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Graphs of acceleration, velocity, position

  1. Sep 5, 2013 #1
    im confused with finding the max velocity , acceleration, and position.
    Usually in these types of problems I'm given a function, and an interval and have to find the max acceleration or velocity.

    Sometimes a negative number comes up which is greater in magnitude than the other numbers, and that is the answer. I don't get why. Can someone please explain?
    Sorry if I'm being vague, i can't really explain it too well.
     
  2. jcsd
  3. Sep 5, 2013 #2

    mfb

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    2016 Award

    Staff: Mentor

    I don't see what would be special about a negative number. Negative and positive are arbitrary anyway, you could measure in the other direction and all signs would get swapped.
     
  4. Sep 5, 2013 #3
    Like mfb said, it's about directions.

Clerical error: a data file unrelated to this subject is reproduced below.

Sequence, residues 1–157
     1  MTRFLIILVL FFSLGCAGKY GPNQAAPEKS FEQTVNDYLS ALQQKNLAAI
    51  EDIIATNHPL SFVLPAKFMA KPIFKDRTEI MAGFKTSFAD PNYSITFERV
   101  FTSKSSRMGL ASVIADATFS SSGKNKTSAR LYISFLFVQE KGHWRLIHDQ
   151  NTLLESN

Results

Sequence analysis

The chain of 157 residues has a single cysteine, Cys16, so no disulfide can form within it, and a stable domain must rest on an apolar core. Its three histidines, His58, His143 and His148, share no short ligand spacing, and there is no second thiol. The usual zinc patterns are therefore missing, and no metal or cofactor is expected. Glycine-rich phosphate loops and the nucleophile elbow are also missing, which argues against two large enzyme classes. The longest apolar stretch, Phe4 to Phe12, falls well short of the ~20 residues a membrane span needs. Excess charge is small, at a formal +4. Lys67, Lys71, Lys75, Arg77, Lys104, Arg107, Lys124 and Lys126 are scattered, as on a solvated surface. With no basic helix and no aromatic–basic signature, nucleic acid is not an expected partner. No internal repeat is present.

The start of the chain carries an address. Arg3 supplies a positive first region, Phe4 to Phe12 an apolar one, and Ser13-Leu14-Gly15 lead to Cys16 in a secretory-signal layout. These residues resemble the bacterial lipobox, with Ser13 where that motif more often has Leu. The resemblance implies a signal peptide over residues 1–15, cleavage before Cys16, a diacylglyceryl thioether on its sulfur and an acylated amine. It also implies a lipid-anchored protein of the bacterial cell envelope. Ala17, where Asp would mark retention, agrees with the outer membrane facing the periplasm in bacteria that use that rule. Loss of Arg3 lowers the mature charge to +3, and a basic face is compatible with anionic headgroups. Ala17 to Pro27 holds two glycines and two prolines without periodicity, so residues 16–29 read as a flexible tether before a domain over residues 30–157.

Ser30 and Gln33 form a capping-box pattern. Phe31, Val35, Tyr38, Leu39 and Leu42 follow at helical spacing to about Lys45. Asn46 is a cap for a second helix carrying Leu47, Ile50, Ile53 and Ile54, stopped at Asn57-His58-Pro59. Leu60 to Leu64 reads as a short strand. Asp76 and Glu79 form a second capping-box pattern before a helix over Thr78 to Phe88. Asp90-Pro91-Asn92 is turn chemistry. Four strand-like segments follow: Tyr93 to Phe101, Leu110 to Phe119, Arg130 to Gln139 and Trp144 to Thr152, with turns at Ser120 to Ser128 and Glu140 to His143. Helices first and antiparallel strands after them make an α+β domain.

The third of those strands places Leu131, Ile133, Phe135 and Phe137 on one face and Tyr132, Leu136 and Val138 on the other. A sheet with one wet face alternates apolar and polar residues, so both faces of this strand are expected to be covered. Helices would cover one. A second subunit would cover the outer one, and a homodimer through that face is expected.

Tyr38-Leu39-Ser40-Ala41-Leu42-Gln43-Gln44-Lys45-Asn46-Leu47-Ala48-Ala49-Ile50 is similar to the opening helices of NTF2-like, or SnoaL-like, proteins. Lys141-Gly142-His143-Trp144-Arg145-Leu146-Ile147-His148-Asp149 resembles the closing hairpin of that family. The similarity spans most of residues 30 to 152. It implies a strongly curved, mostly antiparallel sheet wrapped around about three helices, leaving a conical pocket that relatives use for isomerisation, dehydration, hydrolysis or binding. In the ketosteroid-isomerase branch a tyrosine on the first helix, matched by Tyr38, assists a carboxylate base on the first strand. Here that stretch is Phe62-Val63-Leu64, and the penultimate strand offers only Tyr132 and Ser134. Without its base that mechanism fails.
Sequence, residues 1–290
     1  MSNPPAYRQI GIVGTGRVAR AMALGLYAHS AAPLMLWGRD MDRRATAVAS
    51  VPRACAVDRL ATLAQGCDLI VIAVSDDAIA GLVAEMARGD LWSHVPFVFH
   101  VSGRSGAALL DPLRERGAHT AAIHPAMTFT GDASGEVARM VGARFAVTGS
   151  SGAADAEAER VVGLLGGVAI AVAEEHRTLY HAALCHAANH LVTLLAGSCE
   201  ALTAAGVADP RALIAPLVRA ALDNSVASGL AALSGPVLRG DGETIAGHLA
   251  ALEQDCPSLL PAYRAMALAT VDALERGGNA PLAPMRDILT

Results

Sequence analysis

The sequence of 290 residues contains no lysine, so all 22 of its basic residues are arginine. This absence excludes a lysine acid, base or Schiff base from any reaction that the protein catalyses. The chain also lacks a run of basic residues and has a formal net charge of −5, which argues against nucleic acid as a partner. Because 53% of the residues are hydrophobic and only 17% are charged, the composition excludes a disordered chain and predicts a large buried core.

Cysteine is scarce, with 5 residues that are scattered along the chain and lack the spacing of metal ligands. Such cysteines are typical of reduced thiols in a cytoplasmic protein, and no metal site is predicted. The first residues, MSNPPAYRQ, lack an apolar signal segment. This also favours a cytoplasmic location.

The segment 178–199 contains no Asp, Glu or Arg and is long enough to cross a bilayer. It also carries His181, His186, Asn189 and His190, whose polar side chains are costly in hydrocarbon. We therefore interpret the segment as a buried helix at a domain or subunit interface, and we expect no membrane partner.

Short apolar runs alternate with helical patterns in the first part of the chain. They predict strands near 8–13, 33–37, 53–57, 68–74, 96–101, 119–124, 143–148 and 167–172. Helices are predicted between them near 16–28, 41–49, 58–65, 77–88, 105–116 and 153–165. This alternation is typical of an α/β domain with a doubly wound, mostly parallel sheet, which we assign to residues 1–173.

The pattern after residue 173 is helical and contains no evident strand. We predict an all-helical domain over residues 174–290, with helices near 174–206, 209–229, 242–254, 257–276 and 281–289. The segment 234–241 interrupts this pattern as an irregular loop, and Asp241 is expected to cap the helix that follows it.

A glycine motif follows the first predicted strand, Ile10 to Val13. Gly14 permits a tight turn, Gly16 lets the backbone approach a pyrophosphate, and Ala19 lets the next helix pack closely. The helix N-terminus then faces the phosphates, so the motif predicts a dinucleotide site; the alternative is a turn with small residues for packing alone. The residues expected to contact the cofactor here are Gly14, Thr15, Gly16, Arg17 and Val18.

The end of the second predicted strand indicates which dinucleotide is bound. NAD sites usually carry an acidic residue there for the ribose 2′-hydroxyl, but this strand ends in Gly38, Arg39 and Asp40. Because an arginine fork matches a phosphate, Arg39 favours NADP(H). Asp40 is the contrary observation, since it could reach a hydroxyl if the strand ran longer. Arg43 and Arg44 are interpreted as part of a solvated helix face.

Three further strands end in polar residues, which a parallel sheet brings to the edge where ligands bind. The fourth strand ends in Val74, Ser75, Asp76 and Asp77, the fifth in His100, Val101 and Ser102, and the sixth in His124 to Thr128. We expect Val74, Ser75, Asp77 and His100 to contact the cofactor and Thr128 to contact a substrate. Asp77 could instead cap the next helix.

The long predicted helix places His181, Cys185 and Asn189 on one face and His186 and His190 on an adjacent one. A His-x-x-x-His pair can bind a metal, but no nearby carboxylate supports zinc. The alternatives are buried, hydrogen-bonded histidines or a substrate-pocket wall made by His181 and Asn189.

Consider a horizontal line (which is 1-dimensional) and define a particular position, (i.e. point) as (0): all the positions (points) to the left of (0) will be negative, and all the positions (points) to the right of (0) will be positive.

    • A negative position will mean a position to the left of (0), a positive position will mean a position to the right of (0).
    • A negative velocity will mean motion to the left along the line, a positive velocity will mean motion to the right.
    • A negative acceleration will mean acceleration to the left along the line, a positive acceleration will mean acceleration to the right.
    The same applies for 2-dimensional and 3-dimensional space too. Velocity and acceleration (and forces etc.) are vector quantities. Vectors have both magnitude and direction. See Euclidean vector.

    See also:


    A 2-D graph with velocity vectors (example):
    Acceleration.JPG
     
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